Applying Systems Thinking and
Common Archetypes to Organizational Issues

Module 5: Mental Models and Productive Conversation

Left-Hand Column Cases

Left-hand column cases are a tool for discovering how our unspoken thoughts and feelings contribute to the outcome of our conversations. You can use this technique to reflect on past conversations or to prepare for future conversations.

A left-hand column case consists of two views of a conversation: on the right side, the dialogue is recorded; on the left side, the unstated thoughts and feelings of the case author are noted.


Background: Bill is John's boss and is not satisfied with John's performance. He has tried to raise issues about John's performance before, but doesn't think that John understands his concerns or feedback. Here is another of Bill's attempts to work through the issue of John's performance, but Bill does not get the results he intended.

(Bill's) Unspoken Thoughts & Feelings

What Was Said

Here I go again. I wonder how he feels? Well, it has to be done.

Bill: John, we have talked many times about the important role you play as our National Marketing Manager. I am still concerned about the issue that being a good technician is not enough for you to do this job well.

John: I work hard to keep good control over the area for which I am responsible.

The truth is that he is working from the top of the pile.

Bill: What do you mean by "control?" Is control the real problem? Are you consciously establishing priorities, or just working from the top of the pile?

I've heard this before and it's just not good enough.

John: As we get more involved with field people, I have less and less time. You realize, I'm sure, that the pressures of this job have increased, and I am working very hard.



The case highlights the following common dilemmas:

  • If I don't say anything, the issue doesn't get resolved; but
  • If I do raise the issue, it may make things worse.
  • If I bring up conflict, it may destroy the relationship; but
  • If I'm not honest, the relationship will eventually die.
  • If I don't ask questions, I don't learn; but
  • If I do ask questions, I may look stupid.

The following characteristics are very common in conversations about difficult or complex issues:

  • Much of what people think or feel most strongly about does not get spoken.
  • Each assumes they are acting rationally while others are not.
  • Each person creates his or her own private explanations of the situation, none of which are discussed.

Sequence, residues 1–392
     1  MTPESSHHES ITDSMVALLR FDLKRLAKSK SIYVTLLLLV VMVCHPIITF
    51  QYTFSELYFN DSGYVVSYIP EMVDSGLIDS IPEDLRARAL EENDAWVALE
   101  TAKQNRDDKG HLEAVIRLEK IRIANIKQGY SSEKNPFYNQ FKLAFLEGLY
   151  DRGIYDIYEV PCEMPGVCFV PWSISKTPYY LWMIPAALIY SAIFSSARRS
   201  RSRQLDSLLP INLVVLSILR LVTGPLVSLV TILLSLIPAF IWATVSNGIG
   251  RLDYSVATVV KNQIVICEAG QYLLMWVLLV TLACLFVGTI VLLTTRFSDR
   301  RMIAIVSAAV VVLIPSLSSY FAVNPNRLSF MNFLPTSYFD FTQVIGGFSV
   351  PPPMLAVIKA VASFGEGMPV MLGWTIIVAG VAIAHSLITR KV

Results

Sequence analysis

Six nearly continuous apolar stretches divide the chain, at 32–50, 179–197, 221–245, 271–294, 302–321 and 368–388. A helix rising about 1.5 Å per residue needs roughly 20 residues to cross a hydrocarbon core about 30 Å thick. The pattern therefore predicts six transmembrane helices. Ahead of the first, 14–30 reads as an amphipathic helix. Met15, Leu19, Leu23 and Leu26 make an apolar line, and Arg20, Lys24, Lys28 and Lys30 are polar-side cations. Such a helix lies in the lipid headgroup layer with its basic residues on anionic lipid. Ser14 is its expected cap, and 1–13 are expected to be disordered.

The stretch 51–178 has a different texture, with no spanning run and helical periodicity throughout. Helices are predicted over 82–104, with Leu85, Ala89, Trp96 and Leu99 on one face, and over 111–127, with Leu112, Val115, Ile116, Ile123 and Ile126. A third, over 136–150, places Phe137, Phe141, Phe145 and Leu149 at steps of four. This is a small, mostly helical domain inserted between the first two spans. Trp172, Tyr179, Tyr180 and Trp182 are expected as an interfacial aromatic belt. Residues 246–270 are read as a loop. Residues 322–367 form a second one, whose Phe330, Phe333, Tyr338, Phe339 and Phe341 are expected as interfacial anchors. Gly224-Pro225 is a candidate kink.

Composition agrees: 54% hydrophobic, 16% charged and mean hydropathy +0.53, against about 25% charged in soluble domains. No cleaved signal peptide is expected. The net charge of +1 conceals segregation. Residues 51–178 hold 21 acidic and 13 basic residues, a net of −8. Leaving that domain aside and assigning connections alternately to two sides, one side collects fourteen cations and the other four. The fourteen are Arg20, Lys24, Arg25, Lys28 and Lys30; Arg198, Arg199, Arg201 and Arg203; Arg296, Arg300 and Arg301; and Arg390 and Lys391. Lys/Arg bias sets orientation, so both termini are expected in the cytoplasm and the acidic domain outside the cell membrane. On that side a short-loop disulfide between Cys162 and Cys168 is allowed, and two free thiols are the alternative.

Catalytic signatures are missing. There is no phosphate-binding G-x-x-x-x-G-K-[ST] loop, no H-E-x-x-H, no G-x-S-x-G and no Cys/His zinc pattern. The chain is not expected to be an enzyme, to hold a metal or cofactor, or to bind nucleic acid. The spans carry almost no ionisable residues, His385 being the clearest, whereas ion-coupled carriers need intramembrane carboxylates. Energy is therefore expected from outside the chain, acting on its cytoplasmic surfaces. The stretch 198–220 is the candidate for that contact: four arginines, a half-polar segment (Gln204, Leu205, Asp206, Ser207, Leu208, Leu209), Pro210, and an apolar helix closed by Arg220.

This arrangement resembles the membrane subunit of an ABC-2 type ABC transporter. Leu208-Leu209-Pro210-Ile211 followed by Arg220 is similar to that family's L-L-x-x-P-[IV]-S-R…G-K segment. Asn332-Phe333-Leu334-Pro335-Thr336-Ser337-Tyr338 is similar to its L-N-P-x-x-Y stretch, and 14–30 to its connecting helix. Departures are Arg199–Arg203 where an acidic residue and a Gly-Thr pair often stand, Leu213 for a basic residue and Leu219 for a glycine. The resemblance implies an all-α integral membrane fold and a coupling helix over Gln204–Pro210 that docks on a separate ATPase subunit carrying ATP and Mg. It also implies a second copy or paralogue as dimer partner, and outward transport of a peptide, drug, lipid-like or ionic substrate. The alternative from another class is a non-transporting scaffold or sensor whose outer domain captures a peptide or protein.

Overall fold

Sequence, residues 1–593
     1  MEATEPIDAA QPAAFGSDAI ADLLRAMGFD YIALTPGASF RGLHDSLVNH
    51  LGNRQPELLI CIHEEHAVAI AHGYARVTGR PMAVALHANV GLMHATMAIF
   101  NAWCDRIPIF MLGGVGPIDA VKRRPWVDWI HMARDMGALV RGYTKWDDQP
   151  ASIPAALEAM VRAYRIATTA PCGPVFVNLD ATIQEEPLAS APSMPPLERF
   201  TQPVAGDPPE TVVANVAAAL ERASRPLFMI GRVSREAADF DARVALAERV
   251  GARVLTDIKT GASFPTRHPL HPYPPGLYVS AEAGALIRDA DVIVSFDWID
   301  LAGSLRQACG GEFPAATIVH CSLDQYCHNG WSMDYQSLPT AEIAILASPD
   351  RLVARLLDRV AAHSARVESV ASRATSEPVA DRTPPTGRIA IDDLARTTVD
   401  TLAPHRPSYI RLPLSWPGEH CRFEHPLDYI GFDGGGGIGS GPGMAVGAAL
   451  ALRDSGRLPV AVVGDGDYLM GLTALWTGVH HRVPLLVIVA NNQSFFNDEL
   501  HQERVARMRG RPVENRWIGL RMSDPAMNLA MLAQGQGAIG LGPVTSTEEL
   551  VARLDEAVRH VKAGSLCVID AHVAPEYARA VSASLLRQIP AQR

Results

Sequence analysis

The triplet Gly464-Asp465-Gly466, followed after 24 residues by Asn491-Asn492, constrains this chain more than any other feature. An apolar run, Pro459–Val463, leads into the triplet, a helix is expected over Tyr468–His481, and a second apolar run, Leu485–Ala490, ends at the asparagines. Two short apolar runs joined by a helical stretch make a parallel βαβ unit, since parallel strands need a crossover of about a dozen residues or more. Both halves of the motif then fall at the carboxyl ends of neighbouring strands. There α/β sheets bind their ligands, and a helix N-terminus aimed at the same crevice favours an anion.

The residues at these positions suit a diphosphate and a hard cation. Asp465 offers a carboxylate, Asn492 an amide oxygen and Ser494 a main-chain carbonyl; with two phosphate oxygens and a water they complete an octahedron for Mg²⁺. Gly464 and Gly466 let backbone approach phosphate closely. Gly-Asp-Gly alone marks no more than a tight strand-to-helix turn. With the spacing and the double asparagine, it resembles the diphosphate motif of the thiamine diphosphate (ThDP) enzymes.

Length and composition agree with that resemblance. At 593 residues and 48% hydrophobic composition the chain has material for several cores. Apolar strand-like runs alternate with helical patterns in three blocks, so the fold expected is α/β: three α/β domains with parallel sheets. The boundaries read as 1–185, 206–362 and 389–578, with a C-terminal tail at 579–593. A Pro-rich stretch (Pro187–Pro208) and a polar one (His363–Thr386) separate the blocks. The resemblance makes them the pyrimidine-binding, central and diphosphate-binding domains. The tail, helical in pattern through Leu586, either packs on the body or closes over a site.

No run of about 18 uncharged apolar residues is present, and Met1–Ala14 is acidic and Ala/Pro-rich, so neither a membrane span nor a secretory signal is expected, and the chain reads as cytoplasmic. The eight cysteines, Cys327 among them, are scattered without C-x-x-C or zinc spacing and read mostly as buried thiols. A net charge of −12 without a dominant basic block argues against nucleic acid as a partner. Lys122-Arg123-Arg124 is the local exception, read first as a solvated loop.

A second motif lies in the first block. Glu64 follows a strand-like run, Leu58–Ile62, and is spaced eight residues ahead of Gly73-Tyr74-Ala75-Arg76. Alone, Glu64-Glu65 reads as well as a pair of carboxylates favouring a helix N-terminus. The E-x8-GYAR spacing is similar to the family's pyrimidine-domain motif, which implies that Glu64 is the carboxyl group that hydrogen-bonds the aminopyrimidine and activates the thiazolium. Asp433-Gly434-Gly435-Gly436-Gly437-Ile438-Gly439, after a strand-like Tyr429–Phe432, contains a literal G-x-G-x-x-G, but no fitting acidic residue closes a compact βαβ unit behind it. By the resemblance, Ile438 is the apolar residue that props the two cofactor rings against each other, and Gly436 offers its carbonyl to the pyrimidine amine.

As a result:

  • Opportunities for personal and team learning are reduced dramatically.
  • Issues remain unresolved.
  • Our beliefs and assumptions become institutionalized (in defensive routines).
  • A culture of non-learning is created.

Some people seem to avoid the use of these cases because they assume that the lesson is that you should always share your left-hand column. This is certainly not a recommendation. As we have noted with the reinforcing nature of mental models, the left-hand column is a personal resource for understanding how our own behavior is contributing to unproductive conversations and relationships.

Using Left-Hand Column Cases

After preparing a case, you can choose any point in the case and "re-craft" it. Are there other actions that might have produced better results? Is there a way your thinking could change or be shared to help produce different results? The re-crafting process is usually easiest with the help of a partner.

You can create a series of cases to track how the quality of your conversations is changing over time and areas where you still need to improve your skill.

You can create a case in anticipation of a difficult conversation to prepare possible responses to the types of dialogue you find most challenging.

During a conversation, you can use your left-hand column to surface and test your mental models. In particular when you notice that you are questioning the intentions of the other party, you can ask yourself to assume that the other is proceeding with good intent.

You can also share the dilemmas or binds you're experiencing as a way to help the other party understand your intentions and situation.

Detailed guidelines for constructing a case appear in the following optional exercise.